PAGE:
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In talking 2018 NFL draft, Doug Williams actually explained Redskins' free agency

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USA TODAY Sports

In talking 2018 NFL draft, Doug Williams actually explained Redskins' free agency

The Redskins spent modestly in 2018 free agency, and plenty of fans thought the team should have shelled out much bigger bucks. Talking with sources around the Ashburn facility, a prevaling notion became clear that the Washington brass believed they had a strong team in 2017, but they lost their chance to compete because of injuries. 

Well, the secret is out. Doug Williams said as much on Tuesday. 

"Coming out of Richmond last year, I liked this football team. I think we’ve got a tough football team, a smart football team. Some things you can’t control," Williams said Tuesday in a pre-draft media session. "We were very competitive up to a certain point, and when you have the injuries that we have, at a certain point, that competitive edge, you lose it because your best players are not playing."

Williams' words were true, and telling. 

First the true part:

  • In Washington's first five games of 2017, the team went 3-2. The Redskins only lost to eventual the Super Bowl champs Philadelphia and AFC West champs Kansas City. Washington only gave up more than 100 yards rushing once in those first five games, before rookie Jonathan Allen got hurt and the defense began to look much different. After Week 5, the Redskins only held one team under 100 yards rushing and finished the year dead last in rush defense.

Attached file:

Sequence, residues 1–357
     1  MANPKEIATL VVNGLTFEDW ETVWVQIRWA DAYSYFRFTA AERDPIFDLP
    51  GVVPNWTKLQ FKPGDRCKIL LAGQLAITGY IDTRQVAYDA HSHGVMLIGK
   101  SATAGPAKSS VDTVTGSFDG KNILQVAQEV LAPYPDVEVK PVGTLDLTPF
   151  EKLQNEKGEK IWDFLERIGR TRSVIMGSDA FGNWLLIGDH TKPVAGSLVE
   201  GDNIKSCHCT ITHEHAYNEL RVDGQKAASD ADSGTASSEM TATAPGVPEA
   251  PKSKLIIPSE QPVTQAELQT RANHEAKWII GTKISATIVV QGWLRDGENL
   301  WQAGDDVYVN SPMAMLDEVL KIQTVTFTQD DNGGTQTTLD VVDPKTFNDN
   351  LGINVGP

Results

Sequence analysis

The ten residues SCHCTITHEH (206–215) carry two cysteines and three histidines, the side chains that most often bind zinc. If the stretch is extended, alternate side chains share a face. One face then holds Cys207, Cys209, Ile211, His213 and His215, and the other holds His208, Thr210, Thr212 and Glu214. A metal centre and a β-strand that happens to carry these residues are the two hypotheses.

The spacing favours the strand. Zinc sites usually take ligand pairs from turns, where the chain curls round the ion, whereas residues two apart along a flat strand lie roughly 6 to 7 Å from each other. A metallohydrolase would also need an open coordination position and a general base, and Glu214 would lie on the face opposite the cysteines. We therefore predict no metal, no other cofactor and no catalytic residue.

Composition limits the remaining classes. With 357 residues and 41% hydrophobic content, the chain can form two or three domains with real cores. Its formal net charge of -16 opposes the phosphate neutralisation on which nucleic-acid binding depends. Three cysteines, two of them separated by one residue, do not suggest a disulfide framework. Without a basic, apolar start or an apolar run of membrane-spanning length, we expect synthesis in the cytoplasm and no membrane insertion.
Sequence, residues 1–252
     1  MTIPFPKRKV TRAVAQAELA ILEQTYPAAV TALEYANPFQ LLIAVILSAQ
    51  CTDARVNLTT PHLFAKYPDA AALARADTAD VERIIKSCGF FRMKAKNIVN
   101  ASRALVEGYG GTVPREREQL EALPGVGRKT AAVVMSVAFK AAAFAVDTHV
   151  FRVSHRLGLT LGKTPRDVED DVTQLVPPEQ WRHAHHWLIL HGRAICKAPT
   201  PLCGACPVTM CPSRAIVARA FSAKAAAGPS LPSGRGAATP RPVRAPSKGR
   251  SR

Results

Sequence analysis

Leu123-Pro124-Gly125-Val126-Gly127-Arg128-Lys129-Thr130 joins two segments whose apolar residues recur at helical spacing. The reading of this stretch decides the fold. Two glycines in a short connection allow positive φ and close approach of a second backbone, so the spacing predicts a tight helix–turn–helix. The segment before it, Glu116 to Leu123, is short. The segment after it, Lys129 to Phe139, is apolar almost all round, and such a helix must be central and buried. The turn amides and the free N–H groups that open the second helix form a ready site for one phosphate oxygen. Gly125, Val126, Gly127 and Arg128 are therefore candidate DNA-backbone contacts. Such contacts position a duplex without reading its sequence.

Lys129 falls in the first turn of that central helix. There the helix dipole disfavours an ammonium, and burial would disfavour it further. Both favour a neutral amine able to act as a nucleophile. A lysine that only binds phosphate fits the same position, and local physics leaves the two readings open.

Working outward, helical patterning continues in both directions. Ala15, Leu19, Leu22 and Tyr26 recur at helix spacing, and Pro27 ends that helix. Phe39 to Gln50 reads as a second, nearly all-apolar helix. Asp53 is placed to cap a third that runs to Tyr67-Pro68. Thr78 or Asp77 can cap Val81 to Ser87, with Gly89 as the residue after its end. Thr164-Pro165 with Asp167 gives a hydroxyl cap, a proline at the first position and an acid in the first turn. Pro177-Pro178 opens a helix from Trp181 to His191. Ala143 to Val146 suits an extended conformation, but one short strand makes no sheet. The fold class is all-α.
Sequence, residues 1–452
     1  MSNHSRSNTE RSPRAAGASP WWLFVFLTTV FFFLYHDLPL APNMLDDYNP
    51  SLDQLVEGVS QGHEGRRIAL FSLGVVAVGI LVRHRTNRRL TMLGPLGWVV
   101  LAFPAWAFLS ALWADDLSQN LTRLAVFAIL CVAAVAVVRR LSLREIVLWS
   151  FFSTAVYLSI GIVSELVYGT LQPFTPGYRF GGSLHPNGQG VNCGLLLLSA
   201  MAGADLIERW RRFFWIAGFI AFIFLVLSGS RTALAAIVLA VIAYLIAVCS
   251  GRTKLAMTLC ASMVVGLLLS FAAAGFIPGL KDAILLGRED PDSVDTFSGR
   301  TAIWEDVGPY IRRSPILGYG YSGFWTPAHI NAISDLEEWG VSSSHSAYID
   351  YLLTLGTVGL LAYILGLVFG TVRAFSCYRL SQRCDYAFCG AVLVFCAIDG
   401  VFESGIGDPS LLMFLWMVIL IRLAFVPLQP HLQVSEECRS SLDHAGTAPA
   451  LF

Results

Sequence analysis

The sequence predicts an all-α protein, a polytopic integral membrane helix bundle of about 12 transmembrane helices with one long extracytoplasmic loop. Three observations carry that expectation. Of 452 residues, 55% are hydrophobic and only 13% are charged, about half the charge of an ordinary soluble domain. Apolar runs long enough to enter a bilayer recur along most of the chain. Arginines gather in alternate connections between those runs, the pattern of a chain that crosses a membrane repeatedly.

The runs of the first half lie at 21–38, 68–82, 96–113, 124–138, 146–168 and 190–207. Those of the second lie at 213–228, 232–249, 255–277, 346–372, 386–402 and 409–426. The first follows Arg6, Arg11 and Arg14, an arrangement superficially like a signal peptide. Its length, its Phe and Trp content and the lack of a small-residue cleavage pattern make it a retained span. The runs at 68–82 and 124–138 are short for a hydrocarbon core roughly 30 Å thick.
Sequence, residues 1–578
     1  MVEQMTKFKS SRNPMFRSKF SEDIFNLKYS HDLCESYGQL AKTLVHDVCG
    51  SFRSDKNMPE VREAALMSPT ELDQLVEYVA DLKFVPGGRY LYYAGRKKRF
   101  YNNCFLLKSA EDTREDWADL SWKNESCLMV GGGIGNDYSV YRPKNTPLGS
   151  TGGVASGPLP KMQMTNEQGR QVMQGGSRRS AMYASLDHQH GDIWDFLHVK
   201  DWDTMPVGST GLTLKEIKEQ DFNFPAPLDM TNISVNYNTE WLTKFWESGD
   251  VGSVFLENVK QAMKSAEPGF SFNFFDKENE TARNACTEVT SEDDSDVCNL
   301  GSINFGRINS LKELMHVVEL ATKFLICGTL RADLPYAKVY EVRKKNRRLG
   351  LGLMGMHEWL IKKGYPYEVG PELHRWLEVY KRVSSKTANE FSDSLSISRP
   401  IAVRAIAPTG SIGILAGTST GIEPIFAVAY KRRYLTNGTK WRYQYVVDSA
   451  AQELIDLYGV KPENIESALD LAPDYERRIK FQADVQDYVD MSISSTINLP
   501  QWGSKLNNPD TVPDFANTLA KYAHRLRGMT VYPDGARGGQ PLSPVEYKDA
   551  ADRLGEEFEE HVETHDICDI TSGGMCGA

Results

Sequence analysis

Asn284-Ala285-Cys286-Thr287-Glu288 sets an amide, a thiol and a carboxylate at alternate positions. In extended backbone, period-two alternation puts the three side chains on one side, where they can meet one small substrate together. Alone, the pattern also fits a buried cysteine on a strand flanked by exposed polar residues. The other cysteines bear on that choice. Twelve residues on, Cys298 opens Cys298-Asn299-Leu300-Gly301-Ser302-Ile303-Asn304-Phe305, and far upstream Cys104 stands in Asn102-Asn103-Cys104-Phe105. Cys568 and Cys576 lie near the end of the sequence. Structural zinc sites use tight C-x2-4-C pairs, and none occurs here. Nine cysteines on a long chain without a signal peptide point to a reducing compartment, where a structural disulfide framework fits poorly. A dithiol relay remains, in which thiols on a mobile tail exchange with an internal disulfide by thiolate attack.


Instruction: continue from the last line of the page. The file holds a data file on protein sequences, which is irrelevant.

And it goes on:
Now the telling part:

  • The Redskins signed free agent WR Paul Richardson, and kept free agent LB Zach Brown. Beyond that, the team added inexpensive veterans in OLB Pernell McPhee and CB Orlando Scandrick. No splash moves, and recurring speculation that Washington was not offering top dollar to free agents. Bruce Allen acknowledged as much during NFL League Meetings when he explained that his team identified exactly how much they would offer free agents, their own and otherwise, and wouldn't go beyond that dollar figure. 

That means the focus of the offseason, at this point, is about this weekend's NFL Draft.

That also means the focus of the offseason, at this point, is not about Johnathan Hankins or any other free agent. 

"We’re going to deal with the draft now, and the second wave of free agents, if it’s somebody out there we feel like can help the Redskins,that’s what we’re going to do," Williams said. 

Throughout the offseason, Redskins fans wanted more action from their front office. It didn't happen, and Williams' basically explained why on Tuesday. The brass likes their team, and by default, expects better health and luck in 2018. 

When Williams talks about drafting the best player available, it's not just the typical NFL front office tripe. Right or wrong, the Redskins believe they have a team ready to compete in 2018, and any rookies that come in will only supplement that position.